The term ‘green’ roofing can be used in a few ways. Any kind of highly reflective roof membrane is considered ‘green’. Roof membranes composed of recycled materials can also be considered ‘green’. But the true exemplification of ‘green’ roofing originated hundreds, if not thousands of years ago, and involves actual ‘green’ (and other colored) vegetation. This is the original method of creating thermal mass at the top of built structures to maintain an homeostatic and insulated interior environment.
1) Can vegetative roofing earn LEED building credits?
YES. Site Credit 6: Stormwater Management (1 point), Site Credit 7: Landscape and Exterior Designs To Reduce Heat Islands (up to 4 points), Materials Credit 4: Recycled Content (up to 4 points).
2) What are the benefits of a vegetative roof system?
There are numerous benefits to having a vegetative roof system installed on your commercial or residential structure. The first benefit is that, by increasing the thermal mass on top of your structure, you decrease heating and cooling costs, and also reduce the Heat Island Effect. Vegetative roofs also decrease storm water runoff. Ordinarily, rainwater and snow melt leave the roof surface through drains or gutters. Eventually it all ends up absorbing into the soil, thereby contaminating the lawns we, and our animals play on, and the below ground aquifer that provides us with our drinking water.
Vegetative roofing also fills in the building footprint that removed virgin land during construction. Once a vegetative roof is installed, it becomes part of our living ecosystem that not only functions as all other vegetation does by sequestering carbon from the atmosphere, but provides an environment for other living organisms to inhabit. Vegetative roofing systems (from root barriers, to vegetation, and everything in between) are also made of recycled, AND 100% recyclable materials.
3) Vegetative roofing sounds like it would be difficult to maintain. Is it maintenance intensive, and what would I have to do to maintain it?
A common misnomer about having vegetation on your rooftop is that it would require a lot of maintenance. On the contrary, it is a living, and self-sustaining, self-maintaining, part of our environment like anything else. Particularly living in the northeastern United States, our temperate climate provides a perfect balance of sunlight, rain, and warm weather days to allow vegetation to live and grow.
In the winter, because native plants and succulents will be used on your rooftop, they will adapt accordingly and lie dormant, but not die. When spring arrives, your vegetation will begin flourishing again. It is important to note that no matter the season, vegetative roofing still maintains it’s thermal mass value. Because of this, your residential or commercial structure will reap the heating and cooling benefits year round. In locations where lack of precipitation is a concern, irrigation systems can be integrated within, or above, your vegetative system.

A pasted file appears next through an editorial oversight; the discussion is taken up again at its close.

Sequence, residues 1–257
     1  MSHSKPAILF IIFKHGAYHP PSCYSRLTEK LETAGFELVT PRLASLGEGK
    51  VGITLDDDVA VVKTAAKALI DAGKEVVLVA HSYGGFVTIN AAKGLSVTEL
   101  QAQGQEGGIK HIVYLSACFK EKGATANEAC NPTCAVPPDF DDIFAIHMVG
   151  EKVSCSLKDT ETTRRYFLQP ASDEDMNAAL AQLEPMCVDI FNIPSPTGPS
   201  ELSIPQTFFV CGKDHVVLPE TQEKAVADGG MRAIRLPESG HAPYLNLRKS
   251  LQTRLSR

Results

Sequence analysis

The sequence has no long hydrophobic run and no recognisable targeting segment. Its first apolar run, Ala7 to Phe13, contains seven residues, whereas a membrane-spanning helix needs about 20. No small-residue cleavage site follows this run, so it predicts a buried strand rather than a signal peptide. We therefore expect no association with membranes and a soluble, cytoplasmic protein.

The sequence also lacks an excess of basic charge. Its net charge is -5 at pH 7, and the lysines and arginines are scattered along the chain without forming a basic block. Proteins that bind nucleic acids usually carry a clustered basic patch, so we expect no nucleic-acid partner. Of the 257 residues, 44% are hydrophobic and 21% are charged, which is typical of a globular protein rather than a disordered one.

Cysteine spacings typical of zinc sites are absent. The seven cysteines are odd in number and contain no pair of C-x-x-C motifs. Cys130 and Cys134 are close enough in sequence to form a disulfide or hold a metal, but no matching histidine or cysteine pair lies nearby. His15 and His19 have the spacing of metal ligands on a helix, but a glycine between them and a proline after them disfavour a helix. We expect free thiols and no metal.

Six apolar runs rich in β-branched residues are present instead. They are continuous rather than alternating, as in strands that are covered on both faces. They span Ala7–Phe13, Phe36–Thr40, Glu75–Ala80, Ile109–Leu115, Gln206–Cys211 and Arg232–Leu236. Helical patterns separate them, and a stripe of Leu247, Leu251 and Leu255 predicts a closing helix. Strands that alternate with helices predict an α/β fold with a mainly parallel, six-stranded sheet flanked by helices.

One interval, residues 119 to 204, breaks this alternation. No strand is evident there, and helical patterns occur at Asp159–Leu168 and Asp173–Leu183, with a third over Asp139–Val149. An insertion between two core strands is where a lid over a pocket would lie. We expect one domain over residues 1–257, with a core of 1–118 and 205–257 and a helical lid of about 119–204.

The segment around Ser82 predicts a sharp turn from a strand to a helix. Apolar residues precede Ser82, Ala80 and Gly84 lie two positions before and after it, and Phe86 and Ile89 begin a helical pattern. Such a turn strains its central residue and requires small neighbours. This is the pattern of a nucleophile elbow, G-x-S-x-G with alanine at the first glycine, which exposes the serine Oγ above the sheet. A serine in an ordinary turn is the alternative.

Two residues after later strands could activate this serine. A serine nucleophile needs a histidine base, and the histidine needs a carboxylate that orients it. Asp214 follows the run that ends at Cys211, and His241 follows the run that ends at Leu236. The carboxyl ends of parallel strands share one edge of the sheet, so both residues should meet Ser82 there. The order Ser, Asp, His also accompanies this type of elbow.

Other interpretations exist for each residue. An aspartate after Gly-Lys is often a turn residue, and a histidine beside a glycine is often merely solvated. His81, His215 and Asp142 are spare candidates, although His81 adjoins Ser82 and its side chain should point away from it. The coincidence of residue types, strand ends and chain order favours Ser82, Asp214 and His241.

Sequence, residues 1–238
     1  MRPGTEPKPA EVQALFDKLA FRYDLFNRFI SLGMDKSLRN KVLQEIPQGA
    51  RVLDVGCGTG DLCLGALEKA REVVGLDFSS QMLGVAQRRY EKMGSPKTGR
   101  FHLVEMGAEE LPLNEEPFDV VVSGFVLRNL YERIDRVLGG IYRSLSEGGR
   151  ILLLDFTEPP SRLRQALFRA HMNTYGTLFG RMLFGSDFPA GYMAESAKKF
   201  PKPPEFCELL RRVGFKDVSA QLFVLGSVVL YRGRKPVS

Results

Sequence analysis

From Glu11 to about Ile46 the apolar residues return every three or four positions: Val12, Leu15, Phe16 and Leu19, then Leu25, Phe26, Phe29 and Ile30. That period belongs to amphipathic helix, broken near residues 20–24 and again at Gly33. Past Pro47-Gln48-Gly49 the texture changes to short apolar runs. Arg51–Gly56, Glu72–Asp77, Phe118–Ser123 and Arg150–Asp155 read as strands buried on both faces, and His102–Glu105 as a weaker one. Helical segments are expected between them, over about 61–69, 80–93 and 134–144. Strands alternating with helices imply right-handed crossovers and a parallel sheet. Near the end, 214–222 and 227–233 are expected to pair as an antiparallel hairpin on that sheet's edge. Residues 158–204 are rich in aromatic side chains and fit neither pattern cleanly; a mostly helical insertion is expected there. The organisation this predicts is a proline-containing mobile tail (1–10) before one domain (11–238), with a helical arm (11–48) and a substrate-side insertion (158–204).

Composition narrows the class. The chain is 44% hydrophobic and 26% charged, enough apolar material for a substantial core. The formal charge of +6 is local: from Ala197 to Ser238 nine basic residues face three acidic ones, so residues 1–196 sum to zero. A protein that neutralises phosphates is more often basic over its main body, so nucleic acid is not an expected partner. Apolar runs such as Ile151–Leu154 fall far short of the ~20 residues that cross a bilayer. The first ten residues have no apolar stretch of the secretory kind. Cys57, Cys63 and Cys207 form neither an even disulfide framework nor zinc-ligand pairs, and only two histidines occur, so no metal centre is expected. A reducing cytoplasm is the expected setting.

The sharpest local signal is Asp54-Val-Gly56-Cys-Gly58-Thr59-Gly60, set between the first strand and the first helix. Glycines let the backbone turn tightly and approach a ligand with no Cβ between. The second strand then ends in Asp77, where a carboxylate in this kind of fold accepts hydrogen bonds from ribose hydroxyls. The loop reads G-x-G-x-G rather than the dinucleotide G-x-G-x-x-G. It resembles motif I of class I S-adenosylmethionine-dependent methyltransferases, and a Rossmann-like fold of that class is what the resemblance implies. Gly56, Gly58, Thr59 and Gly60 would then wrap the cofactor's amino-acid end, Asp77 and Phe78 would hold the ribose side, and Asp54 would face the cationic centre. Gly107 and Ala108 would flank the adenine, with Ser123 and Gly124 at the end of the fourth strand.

4) How are roof leaks handled when there is a vegetative system installed above my waterproofing membrane?
A service called Vector Mapping is available to handle possible waterproofing membrane compromises. This process uses electronic sensors to pinpoint leaks or membrane breaches in the roof. It is less expensive, faster, safer, and more reliable testing than conventional methods. This allows your roofer to find the origin of a leak in your home or business, carefully remove a small section of your vegetative roofing, and replace it once the membrane is repaired and made water tight.
5) I’ve seen very extravagant vegetative designs on rooftops before. What are the different types, and are they available for my building?
There are 3 types of vegetative roofing. They are known as extensive, semi-intensive, and intensive. Extensive is comprised of a 3” + growing medium, and low-lying grasses that adds the least amount of weight to your rooftop load. Semi-intensive systems are made up of a deeper growing medium, and make use of larger native plants and possibly small bushes.
Intensive systems are made up of the thickest growing medium because they are composed of large shrubs, bushes, trees, benches, and other things that enable the building occupants to use the rooftop space as a recreational, or other “livable area”.
The ability of your structure to support the various systems must be determined by a structural engineer. Homes and businesses can also be retro fitted to support the extra loads that vegetative roofing add. It is important to note that in most cases, existing homes and commercial structures are already designed to support the load of an extensive vegetative roof system.
6) Can fruit, vegetables, and herbs be grown on a vegetative roof?
Absolutely! Vegetative roofs are living ecosystems, just like your home garden or a farm. Anything that can be grown on the ground in your region, can also be grown on your vegetative rooftop garden. In fact, there are restaurants around world that are now seizing this opportunity to maximize their building space by growing the fresh food they serve on top of their business.
7) What about my carbon footprint, and the energy I could save by installing a vegetative roof system on my home or commercial structure?
When a home or commercial building is created, the size of that structure is the amount of natural environment that is lost. By installing a vegetative system on your rooftop, the entire natural environment is replaced. In addition, by increasing the thermal mass (R-value) of your roof, the savings on your home heating and cooling costs could be 20-30%.
-FAQ section above contributed by Noel Ciota, Director of Sustainability for Division7Inc.